Redhooker – Vespers
[tags: chamber music, neo-classical, minimalism, 2010]
Listen while reading:
Maybe this whole winter mood puts me into some sort of melancholy feeling for I feel great pleasures lo listen to warm, dark chamber music right now. You already know, that I liked the combination of folk and classic influences beforehand, especially the pairing of acoustic guitar and cello or violin – and now the time seems to be right to have a deeper look on the classical side. As for now my meanderings brought me from early Brown Bird releases over South China to Nils Frahm and thence to more open minded projects like Slow Six, back to Bird and now directly to Redhooker. I know, this is just an early and tiny first step into this genre of contemporary classical music or chamber music or however one calls it, but I know that more steps will follow and therefore I hope for two things in the future: that folk and neo-classical music will find even more to one another and that I succeed in bringing some of this music home to all of you dear CFM readers. But don’t be afraid, if you are not into this classical music thing, CFM will stay CFM with all its folk stuff and alt country stuff and sparsely posted dream pop stuff – this classical thing is an addition and no supression. Enough small talk.
Redhooker is Stephen Griesgraber (Slow Six, formerly Anthony And The Johnsons) on electric guitar, as well as Andie Springer, Maxim Moston, Ben Lively on violin and Peter Hess on bass clarinet. The album at hand – Vespers – is the debut record after the The Future According To Yesterday EP from 2007. It was released at the end of January 2010. The first thing you will realize is the beautiful cover artwork with its incredible comforting but lonely mood, the play of shadow and light falling through deep red curtains. A perfect image to represent the music that lies under those colorful surfaces of ink and paper. Speaking of music, Vespers is very rich of varied material even though the single tracks show strong influencec from classical minimalism. And, as far as I can judge, this isn’t a negative thing, that makes the tracks boring or lengthy, but instead allows them to breath deeply – and you have all the time to concentrate on those breaths and the progress that lies in them. This is what makes the music organic and Beside and Trip And Fall are maybe the best examples for this. But, like in real life, there is more than just the organic movement, there’s more than just untouched nature and we, as human beings must interact with what we created.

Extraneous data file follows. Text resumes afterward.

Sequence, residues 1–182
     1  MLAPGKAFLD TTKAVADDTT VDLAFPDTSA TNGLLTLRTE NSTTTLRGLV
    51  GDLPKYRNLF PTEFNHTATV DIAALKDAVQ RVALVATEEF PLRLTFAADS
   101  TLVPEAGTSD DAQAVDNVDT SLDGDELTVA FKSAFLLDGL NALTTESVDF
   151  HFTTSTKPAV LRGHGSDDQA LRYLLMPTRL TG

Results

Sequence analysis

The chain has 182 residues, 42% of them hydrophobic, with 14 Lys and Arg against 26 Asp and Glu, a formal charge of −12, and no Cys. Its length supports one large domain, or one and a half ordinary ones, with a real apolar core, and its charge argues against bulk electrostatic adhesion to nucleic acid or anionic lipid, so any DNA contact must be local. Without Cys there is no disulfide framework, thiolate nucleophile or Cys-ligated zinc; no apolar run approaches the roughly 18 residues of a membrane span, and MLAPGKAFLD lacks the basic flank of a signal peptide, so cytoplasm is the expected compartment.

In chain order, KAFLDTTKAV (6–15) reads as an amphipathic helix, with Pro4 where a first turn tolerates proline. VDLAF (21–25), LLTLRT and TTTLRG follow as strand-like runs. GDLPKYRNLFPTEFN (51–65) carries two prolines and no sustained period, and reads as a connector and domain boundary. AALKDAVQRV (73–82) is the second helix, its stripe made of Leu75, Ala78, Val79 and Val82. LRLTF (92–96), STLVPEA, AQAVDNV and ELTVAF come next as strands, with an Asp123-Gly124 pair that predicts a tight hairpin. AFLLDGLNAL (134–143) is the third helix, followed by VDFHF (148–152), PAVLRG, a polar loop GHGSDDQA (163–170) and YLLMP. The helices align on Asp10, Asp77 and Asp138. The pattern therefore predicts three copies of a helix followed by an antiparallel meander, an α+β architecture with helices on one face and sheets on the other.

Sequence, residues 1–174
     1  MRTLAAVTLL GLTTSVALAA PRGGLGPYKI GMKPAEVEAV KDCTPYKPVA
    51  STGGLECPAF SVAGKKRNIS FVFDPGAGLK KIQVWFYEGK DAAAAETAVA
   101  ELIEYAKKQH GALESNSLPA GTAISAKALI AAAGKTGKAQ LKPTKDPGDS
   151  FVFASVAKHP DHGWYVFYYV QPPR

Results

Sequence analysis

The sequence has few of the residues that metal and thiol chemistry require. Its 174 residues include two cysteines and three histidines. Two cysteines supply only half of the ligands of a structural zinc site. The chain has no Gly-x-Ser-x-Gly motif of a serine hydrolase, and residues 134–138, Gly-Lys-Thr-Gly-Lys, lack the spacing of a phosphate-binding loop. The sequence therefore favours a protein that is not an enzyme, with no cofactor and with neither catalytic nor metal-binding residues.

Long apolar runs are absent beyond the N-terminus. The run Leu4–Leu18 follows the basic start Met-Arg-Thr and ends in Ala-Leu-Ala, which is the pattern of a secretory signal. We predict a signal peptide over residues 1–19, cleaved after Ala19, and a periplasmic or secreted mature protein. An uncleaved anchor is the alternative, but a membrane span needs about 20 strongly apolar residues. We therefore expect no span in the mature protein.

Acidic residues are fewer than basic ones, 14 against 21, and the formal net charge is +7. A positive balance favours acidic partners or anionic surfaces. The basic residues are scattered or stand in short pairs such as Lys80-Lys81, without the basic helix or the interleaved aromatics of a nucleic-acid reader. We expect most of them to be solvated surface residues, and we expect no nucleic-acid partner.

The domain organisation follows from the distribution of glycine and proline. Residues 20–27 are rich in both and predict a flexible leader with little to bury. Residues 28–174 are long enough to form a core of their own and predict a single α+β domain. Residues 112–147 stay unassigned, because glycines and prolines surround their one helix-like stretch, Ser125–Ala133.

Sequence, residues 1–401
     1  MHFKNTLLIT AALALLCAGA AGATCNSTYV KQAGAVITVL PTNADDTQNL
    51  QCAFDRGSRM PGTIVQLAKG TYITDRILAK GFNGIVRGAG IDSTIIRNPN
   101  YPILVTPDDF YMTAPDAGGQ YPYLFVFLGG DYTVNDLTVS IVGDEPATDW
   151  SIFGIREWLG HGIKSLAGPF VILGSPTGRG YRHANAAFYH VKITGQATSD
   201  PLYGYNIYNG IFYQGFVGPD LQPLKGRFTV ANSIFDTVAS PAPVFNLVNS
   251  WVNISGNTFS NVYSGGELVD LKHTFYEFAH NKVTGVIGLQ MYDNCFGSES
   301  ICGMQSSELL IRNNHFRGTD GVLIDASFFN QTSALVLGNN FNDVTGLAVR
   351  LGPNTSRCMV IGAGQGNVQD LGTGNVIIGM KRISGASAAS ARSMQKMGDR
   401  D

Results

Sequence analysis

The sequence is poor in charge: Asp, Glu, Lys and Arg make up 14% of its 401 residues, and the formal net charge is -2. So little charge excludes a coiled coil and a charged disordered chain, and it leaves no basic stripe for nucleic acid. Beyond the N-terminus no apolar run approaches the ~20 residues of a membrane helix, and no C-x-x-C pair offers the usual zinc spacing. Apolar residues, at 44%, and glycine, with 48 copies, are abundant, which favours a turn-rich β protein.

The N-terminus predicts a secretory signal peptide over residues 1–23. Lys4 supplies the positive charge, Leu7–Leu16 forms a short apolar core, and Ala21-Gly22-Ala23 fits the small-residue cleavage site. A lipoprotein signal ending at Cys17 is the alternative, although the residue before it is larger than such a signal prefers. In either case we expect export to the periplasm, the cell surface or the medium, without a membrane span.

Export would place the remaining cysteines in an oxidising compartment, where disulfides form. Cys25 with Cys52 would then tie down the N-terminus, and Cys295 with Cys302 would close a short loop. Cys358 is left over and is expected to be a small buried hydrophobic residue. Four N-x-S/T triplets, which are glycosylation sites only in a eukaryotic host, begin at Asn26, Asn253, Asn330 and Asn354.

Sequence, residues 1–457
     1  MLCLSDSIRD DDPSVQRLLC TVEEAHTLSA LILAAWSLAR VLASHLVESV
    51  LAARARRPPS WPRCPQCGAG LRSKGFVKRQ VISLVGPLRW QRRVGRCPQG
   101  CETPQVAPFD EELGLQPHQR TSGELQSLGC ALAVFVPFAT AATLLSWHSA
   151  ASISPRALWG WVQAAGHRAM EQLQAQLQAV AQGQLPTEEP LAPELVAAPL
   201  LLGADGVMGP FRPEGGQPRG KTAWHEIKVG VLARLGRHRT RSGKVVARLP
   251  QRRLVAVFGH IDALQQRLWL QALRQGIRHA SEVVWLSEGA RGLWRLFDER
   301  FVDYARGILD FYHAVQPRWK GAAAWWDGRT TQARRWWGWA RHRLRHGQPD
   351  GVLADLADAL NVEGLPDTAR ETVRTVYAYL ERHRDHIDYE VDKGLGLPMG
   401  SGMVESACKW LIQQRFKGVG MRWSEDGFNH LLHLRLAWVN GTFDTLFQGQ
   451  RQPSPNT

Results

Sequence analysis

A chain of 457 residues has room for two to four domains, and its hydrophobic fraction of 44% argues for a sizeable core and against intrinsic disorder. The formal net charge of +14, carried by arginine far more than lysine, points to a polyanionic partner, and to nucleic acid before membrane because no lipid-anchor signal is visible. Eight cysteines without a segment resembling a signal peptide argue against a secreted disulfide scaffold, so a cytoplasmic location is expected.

Why am I saying this? Clearly not because I want to make any statement on culture or politics or whatever. I say this because it is essential for us to interact with our creations most of the time, because we like to and want to (come on, you’re useing the internet right now…) And for many of us this became normality and daily routine. So, why should the music focus just on the organic and natural side of life when there is so much more, that has to be mentioned? Right, and here Redhooker came up with a fantastic concept, I haven’t heard of yet. All begins with a small ensemble, that knows which way the track will go in the end, but starts playing all by their own; it improvises, every member of it acts and reacts. Over the time a structure is formed, alive, breathing, the impovisation goes on, and now comes the great idea. Over the time the ensemble played, a special software recorded the session and now starts to throw random pieces of it, underlaid with different effects, into this living organism. The ensemble now must interact with the actual track they are about to create, but also have to react to what they created so far. They have to face what they have done and they have to integrate it, to form a complex, living masterpiece. The aforementioned method was applied at Presence And Reflection (what a suitable title) and the dark and mysterious Black Light Poster Child (a silent favorite of the author).
For I’m not really common to describing such music, I only can describe my feelings and my reflections about it, but I hope, you got a nice picture of this wonderful record and you will spend some time with it – this much is promised: it will keep you warm in the cold, so get muffled.
Buy the album over at cdbaby and visit Redhooker’s MySpace and personal homepage for further details. (p.s. If you want to check out a song by song guide, directly provided by Griesgraber himself, visit the good folks over at earz-mag.com)